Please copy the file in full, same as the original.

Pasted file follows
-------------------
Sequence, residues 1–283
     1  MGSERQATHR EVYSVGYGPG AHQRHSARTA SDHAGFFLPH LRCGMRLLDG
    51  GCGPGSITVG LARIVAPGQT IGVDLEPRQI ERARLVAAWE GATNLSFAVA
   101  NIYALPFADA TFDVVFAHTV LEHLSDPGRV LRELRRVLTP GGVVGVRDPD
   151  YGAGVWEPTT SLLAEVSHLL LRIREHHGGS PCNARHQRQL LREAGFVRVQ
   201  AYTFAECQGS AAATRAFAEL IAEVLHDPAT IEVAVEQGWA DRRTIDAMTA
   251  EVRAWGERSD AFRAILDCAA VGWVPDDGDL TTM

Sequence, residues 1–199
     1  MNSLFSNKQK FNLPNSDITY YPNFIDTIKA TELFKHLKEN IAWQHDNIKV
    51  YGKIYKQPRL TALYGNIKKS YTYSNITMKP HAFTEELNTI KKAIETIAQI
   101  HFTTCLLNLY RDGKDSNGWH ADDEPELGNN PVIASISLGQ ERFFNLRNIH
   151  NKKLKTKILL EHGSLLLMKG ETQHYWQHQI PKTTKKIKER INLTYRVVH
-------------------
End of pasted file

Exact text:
Sequence, residues 1–283
     1  MGSERQATHR EVYSVGYGPG AHQRHSARTA SDHAGFFLPH LRCGMRLLDG
    51  GCGPGSITVG LARIVAPGQT IGVDLEPRQI ERARLVAAWE GATNLSFAVA
   101  NIYALPFADA TFDVVFAHTV LEHLSDPGRV LRELRRVLTP GGVVGVRDPD
   151  YGAGVWEPTT SLLAEVSHLL LRIREHHGGS PCNARHQRQL LREAGFVRVQ
   201  AYTFAECQGS AAATRAFAEL IAEVLHDPAT IEVAVEQGWA DRRTIDAMTA
   251  EVRAWGERSD AFRAILDCAA VGWVPDDGDL TTM

Sequence, residues 1–199
     1  MNSLFSNKQK FNLPNSDITY YPNFIDTIKA TELFKHLKEN IAWQHDNIKV
    51  YGKIYKQPRL TALYGNIKKS YTYSNITMKP HAFTEELNTI KKAIETIAQI
   101  HFTTCLLNLY RDGKDSNGWH ADDEPELGNN PVIASISLGQ ERFFNLRNIH
   151  NKKLKTKILL EHGSLLLMKG ETQHYWQHQI PKTTKKIKER INLTYRVVH